Question: How To Write A Perl Script To Parse Fastq Files
gravatar for freddy
6.9 years ago by
freddy40 wrote:

I am undergrad learning Perl programming for bioinformatics, and having problems writing a script. I wanted to know if any one has script that counts the number of sequences in a fastq but excludes everything else such as the line that begins with @ and + and the quality score. Thanks

perl fastq script • 6.7k views
ADD COMMENTlink modified 6.9 years ago by JacobS920 • written 6.9 years ago by freddy40

First try it yourself. If it doesnt work, try these posts. They are pretty relevant to what you are trying to do Parse fastq file - pad reads with N's

Fastq Quality Read and Score Length Check

ADD REPLYlink modified 9 months ago by RamRS30k • written 6.9 years ago by Ashutosh Pandey12k
  You can follow this approach:
  Step 1: use next if for skipping any line 
  Step 2: take a variable as string and concatenate every line to this strings then take the length of whole string.
  Always remember that perl always read file line by line
ADD REPLYlink modified 6.9 years ago • written 6.9 years ago by always_learning1.0k
gravatar for Istvan Albert
6.9 years ago by
Istvan Albert ♦♦ 84k
University Park, USA
Istvan Albert ♦♦ 84k wrote:

Due to the vagaries of the FastQ definition parsing it correctly is a little trickier than one might initially think. This is due to the fact that the symbol indicating the start of a new record @ is also a valid choice for quality measure. Thus one always needs to keep track of the lenght of the sequence and use that as guidance on how many quality measures to read in.

On the other hand most fastq files tend to be formatted with the entire sequence (and quality) on a single line. In these cases parsing is trivial as it turns into the problem of correctly identifying the 4 lines that form a fastq record. For example to find the sequences use a modulo division to find the remainder and print the line if the remainder is equal to 1 (assuming that the line numbering starts at 0).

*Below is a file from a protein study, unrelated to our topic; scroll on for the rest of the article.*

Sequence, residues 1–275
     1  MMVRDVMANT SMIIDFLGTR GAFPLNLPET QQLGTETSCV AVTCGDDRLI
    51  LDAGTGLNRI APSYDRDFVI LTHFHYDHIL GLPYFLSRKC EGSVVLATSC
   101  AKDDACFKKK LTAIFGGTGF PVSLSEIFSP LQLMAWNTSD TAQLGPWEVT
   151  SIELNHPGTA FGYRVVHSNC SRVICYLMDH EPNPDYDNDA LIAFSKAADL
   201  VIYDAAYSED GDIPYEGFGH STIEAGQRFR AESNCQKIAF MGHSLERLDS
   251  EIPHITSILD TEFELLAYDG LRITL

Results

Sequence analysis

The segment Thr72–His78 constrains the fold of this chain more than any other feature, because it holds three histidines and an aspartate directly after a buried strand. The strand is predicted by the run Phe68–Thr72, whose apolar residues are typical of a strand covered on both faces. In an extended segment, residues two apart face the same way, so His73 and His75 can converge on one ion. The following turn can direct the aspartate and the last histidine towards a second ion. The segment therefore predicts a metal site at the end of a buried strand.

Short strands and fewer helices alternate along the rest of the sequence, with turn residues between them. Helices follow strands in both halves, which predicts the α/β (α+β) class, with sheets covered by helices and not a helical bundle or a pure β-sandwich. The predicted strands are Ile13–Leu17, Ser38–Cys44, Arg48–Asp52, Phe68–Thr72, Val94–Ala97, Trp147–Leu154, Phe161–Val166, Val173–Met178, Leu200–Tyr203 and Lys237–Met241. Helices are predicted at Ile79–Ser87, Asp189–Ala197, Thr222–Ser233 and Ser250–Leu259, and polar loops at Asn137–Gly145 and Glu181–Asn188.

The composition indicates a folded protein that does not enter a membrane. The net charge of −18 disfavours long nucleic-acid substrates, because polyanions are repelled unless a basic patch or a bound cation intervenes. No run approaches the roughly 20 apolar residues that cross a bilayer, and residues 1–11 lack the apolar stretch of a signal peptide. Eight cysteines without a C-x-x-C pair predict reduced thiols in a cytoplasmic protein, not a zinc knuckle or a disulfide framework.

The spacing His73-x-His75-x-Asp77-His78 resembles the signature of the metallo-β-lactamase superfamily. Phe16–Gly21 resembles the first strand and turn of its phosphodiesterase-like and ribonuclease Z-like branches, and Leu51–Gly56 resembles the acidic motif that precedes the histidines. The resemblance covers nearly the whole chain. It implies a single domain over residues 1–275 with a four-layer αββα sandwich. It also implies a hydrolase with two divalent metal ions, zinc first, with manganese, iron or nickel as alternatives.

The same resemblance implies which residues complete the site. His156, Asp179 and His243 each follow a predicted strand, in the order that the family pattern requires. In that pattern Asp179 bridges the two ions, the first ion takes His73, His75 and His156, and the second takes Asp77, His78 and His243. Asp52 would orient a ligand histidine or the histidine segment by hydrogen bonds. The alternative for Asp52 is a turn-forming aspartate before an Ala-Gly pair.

All data produced by short read sequencers are in this latter format.

ADD COMMENTlink modified 6.9 years ago • written 6.9 years ago by Istvan Albert ♦♦ 84k
gravatar for Lee Katz
6.9 years ago by
Lee Katz3.0k
Atlanta, GA
Lee Katz3.0k wrote:

I made such a script here. You can see how I parsed it.

It converts multi-line fastq file entries to a four-line style.

ADD COMMENTlink written 6.9 years ago by Lee Katz3.0k
gravatar for JacobS
6.9 years ago by
Cleveland, Ohio
JacobS920 wrote:

@freddy Here is my super simple answer for a beginner using perl to count the number of reads in a fastq file. Of course there are perl and awk one-liners that get the job done, but the following script really spells things out for you. All you are doing is reading through every 4 lines and increasing the total read count by 1. The following code can be copy and pasted to make a complete perl script:

#!/usr/bin/perl -w ## This specifies the file as a perl script

$line_position = 0;

$count = 0;

open(INPUT,$ARGV[0]) || die("Can't open file"); ## This opens the first user-privded argument as the input file.

while(<INPUT>) ## This reads each line of the file in, one at a time



if($line_position == 4) ## If the script has already seen 4 lines, then reset the line counter and add 1 to the read counter!


$line_position = 0;





print"Number of reads: $count\n"; ## This pring out your read counts!

An easier method would be to just do a UNIX line count on the file and divide by 4. wc -l myFile.fastq. This is all assuming you have a standard .fastq that has 4 lines per read. Good luck!

ADD COMMENTlink written 6.9 years ago by JacobS920
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